"If you are fortunate enough that these females decide that you can be one of them, they will take you through the process of becoming female," he said.

The transformation from male to female is a reoccurring theme in the "Womanscape" contemporary art exhibition. The mask the Algerian woman wears in the photo is an oval canvas painted by Okediji working under his female name, Orisagbemi Arigbabuwo.

"Womanscape" is also a response to the current, de-stabilized socio-cultural situation in Africa, Okediji said. The equality of power distributed between males and females in Africa is something that traditionally existed, but that has been imposed upon by colonial and neo-colonial systems that have caused instability.


"Waiting" By Tola WewePhoto: Marsha Miller

Okediji recalled a time when he would see women at the market singing, dancing, and even drinking in the streets every weekend. "Now, you never see that," he said. "Their behavior was called sinful, and men started to create boundaries for women where boundaries never existed."

African women are traditionally symbolized in African art by the bird, which is the only animal that can walk, swim and fly. In Africa, women transverse worlds and are considered divinities because of their ability to procreate. They leave this world to go to another world to get their child and bring that child back. The idea of total mobility defines the female.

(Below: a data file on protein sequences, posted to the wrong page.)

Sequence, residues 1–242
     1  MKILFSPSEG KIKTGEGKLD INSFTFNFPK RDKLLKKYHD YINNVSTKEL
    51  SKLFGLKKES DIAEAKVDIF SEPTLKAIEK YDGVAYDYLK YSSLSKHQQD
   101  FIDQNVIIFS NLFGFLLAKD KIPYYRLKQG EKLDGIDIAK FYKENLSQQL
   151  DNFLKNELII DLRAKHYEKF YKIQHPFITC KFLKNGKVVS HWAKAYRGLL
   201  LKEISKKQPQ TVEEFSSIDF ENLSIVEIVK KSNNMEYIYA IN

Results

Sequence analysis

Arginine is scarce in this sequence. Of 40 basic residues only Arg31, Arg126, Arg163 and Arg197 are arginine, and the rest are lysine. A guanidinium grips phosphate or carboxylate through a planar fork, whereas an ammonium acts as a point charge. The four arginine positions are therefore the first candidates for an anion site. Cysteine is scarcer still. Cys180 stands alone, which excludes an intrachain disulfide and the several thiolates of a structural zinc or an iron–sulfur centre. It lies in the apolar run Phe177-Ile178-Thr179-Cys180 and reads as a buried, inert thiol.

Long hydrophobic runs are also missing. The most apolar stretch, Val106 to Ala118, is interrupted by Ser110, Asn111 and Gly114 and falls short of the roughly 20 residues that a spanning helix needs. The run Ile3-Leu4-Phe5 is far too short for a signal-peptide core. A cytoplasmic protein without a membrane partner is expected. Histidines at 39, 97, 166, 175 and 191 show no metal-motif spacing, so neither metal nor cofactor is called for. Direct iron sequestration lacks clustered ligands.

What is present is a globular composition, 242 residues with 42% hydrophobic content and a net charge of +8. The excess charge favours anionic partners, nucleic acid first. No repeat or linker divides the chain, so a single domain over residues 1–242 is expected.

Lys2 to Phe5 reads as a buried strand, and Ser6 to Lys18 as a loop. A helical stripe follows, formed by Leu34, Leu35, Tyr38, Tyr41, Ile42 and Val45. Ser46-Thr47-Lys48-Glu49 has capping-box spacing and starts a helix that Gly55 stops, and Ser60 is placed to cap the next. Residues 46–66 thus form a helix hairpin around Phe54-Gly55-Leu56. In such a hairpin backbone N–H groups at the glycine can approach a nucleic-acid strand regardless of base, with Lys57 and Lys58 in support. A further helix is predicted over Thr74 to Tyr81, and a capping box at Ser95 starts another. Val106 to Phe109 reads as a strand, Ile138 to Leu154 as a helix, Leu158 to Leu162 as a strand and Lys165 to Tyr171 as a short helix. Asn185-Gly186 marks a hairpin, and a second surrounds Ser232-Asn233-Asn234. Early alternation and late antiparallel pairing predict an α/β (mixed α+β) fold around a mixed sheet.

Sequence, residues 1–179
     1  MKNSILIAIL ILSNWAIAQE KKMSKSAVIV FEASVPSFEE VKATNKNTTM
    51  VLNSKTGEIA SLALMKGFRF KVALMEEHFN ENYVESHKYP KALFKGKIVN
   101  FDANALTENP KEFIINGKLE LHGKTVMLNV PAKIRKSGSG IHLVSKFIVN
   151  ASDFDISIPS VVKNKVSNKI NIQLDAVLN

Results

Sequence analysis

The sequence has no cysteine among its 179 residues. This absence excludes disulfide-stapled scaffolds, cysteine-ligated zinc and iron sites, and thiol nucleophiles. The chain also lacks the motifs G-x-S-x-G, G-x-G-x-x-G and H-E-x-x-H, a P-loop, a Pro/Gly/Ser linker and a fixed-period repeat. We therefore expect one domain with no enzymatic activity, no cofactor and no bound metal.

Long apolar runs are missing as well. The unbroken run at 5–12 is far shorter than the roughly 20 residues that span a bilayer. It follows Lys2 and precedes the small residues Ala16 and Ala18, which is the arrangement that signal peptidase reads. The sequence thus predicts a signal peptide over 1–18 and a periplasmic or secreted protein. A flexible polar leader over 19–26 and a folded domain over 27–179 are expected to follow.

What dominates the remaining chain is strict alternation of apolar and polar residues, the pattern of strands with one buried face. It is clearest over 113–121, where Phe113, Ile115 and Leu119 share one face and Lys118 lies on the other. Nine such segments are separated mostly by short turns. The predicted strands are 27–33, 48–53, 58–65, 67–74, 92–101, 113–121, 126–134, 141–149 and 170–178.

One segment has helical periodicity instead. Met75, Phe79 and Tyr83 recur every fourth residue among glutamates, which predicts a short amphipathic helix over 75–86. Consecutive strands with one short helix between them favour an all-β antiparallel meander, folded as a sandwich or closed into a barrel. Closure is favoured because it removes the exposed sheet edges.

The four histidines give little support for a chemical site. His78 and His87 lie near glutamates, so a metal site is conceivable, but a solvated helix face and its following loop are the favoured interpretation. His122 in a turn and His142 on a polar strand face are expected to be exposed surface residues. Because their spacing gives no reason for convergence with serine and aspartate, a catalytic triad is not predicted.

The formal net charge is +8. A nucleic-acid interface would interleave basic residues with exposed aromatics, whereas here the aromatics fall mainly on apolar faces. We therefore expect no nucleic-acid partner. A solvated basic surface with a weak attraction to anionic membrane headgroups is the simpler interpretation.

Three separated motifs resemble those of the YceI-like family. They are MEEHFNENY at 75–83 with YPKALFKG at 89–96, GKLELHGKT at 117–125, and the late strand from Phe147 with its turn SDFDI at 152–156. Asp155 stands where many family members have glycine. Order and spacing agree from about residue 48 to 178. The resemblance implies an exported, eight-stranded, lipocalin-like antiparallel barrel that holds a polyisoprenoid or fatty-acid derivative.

But now, Okediji said, "You have a situation in post-colonial Africa where women are not sent to school," and "their skills and opportunities are hindered. We need to find ways of mending things in such a way that women are given the power they need to function effectively in society."

Over the course of years, Okediji has collected artwork by female African artists and helped them produce work. He traveled back and forth from Africa to the United States, bringing canvases to female artists across African to be painted.

"Art work belongs to humanity. It belongs to all of us," said Okediji. "Meanings attached to art objects change as they cross frontiers. The power of the object lies in its adaptability to ever-changing contexts."

The University of Rochester Press will release Okediji's most recent book on African Art, "Western Frontiers of African Art" in the next three to four months. The book will be part of a trilogy that explores what happens when an art object is at the frontier, between indigenous culture and the global community.

The 12 artists represented in this exhibition include:

Tinuomi Afilaka, Subulade Agbe, Egbeyemi Akingbade, Oni Omoleye, Omilabu Olokose, Tinuade Arayemi, Akinyi Wadende, Zanele Muholi, Folasayo Dele-Ogunrinde, Orisagbemi Arigbabuwo, Tola Wewe, and Wole Lagunju.

Their works can be found in the VAC's East Gallery in the Art and Art History building until March 12. Admission is free and open to the public.